Mayoral candidate Jennifer Keesmaat says that the city can unlock valuable waterfront real estate and save up to $500 million by knocking down the eastern portion of the Gardiner Expressway and replacing it with a widened, eight-lane version of Lake Shore Boulevard.
In June, 2015 city council narrowly voted in favour of a plan to rebuild a 1.7-kilometre stretch of the aging highway from the Don Valley Parkway to Jarvis Street rather than knocking it down.
The plan was favoured by Mayor John Tory and his allies but it was opposed by a lengthy list of stakeholders, including 14 development corporations that sent an open letter to all 44 members of council ahead of the vote.
At a campaign event along the Martin Goodman Trail on Sunday, Keesmaat announced that if elected on Oct. 22 she will work to get council to reconsider the decision and instead support the demolition of the eastern portion of the highway.
In 2015, staff estimated that the cost of knocking down the highway and widening Lake Shore Boulevard would be about $461 million. That is compared to an estimated capital cost of $718 million to reroute and rebuild the highway.
“We have an opportunity here with this eastern portion to continue the job that was begun many years ago of opening up our waterfront land and reconnecting our city to the waterfront,” Keesmaat, who served as Toronto’s chief planner back in 2015, said. “This is really about creating a livable city, it is about creating a sustainable city and it is about moving Toronto into the 21st century and correcting the mistakes of the past with a forward-looking plan.”
Impact on commute times ‘miniscule’
During the debate over the fate of the eastern Gardiner Expressway, staff estimated that tearing down the highway could slow down the rush hour commute for drivers by three to five minutes.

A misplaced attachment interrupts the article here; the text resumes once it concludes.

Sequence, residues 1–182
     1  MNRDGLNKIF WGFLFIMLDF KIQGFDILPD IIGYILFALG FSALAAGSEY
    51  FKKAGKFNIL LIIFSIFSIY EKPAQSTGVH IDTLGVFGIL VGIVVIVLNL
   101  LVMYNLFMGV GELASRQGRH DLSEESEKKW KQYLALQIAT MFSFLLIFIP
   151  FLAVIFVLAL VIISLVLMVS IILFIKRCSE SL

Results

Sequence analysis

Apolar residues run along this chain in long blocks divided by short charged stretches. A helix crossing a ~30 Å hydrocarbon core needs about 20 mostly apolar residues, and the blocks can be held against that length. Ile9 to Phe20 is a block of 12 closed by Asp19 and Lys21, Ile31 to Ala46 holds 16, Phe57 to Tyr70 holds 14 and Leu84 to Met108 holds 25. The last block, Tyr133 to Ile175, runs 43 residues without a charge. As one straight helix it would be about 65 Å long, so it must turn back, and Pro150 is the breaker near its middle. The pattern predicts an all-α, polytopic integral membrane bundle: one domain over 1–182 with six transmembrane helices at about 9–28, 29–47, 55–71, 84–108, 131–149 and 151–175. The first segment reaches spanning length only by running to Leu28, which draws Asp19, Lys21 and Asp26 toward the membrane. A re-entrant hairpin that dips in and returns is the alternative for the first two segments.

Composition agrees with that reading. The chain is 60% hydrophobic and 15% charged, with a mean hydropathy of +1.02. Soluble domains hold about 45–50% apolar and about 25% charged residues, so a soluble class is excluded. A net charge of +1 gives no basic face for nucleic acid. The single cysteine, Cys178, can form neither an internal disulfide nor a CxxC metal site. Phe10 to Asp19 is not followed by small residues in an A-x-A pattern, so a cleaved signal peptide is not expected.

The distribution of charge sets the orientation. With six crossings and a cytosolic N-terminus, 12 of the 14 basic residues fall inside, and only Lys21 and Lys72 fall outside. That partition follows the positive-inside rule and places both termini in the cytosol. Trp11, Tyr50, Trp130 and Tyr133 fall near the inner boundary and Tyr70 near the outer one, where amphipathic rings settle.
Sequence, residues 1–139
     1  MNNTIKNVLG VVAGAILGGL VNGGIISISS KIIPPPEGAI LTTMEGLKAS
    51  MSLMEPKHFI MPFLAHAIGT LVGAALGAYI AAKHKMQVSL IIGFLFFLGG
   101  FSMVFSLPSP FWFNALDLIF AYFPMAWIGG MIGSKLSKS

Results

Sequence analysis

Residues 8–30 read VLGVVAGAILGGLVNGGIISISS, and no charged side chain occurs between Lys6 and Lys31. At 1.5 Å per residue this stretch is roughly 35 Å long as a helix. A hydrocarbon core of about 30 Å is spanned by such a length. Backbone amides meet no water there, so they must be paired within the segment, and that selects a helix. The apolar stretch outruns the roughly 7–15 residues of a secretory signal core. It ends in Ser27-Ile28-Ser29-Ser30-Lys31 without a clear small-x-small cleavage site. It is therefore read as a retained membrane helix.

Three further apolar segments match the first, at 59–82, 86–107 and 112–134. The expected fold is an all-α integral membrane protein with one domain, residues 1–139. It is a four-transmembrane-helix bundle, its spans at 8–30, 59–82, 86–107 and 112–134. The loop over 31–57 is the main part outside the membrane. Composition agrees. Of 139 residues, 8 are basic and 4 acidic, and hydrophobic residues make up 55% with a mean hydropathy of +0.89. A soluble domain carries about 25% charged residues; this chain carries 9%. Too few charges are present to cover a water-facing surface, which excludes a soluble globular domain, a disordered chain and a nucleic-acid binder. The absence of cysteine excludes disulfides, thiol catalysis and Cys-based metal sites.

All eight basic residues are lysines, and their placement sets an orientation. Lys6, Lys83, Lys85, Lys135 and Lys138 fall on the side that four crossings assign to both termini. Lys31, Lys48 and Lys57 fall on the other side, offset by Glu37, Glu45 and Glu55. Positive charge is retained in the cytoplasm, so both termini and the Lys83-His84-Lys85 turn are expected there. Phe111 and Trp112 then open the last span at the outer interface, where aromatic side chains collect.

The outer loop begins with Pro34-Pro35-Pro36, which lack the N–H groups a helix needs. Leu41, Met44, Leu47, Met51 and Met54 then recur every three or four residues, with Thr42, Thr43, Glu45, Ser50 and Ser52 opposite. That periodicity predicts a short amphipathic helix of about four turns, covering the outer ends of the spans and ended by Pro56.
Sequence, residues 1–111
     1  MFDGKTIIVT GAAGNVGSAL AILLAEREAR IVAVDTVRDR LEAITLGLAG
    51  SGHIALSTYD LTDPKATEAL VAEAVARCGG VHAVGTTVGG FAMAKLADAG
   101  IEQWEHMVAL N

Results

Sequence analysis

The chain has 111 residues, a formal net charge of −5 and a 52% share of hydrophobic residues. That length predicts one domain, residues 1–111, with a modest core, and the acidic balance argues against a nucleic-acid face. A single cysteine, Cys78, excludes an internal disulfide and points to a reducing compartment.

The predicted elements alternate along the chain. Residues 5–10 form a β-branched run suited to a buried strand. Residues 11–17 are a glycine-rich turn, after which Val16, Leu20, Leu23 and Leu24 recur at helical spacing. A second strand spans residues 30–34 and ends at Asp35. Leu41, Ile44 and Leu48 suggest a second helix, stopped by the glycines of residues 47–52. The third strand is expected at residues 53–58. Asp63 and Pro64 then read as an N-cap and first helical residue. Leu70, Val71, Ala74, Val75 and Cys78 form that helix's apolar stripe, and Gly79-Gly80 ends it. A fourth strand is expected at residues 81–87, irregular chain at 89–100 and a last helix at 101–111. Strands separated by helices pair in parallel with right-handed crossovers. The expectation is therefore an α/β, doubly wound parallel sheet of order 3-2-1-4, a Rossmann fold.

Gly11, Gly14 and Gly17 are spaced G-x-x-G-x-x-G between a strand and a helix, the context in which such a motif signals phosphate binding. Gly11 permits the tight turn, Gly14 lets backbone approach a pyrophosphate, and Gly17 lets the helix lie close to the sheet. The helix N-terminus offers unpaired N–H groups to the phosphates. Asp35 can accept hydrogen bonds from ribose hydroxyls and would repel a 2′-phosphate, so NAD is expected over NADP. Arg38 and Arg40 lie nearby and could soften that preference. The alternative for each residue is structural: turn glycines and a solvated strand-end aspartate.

Keesmaat, however, said such an impact on commute times is relatively “minuscule in comparison to the city building benefits” of the tear-down option.
Staff have previously estimated that by tearing down the eastern portion of the Gardiner, the city could unlock an additional 12 acres in prime waterfront real estate.
“This kind of structure is really a relic of the past. Forward looking cities are tearing down their elevated expressways and instead creating new communities and new places,” Keesmaat said.
Keesmaat called the decision to rebuild the eastern portion of the Gardiner rather than tearing it down “1950s planning” and chided Tory for his role in pushing it through.
For his part, Tory criticized Keessmaat for ignoring the will of council in favour of “turning around and going backwards” while speaking with reporters at a community event in Leaside on Sunday afternoon.
“The reality is there are going to be cars and trucks that are going to be driving in the city and I would rather they go around the downtown neighbourhoods than into the downtown neighbourhoods, which is what the result of her plan would be,” he said.
Tory told reporters that his plan was passed with an “overwhelming” 36-5 vote at city council, though that is not entirely accurate.
Council, in fact, only voted 24-21 in favour of rebuilding the eastern portion of the highway back in 2015. The 36-5 vote came a year later when council was presented with three options on how to proceed with the rebuilding of the highway.
“We sat down with everybody involved and got an overwhelming 85 per cent vote…,” Tory said on Sunday.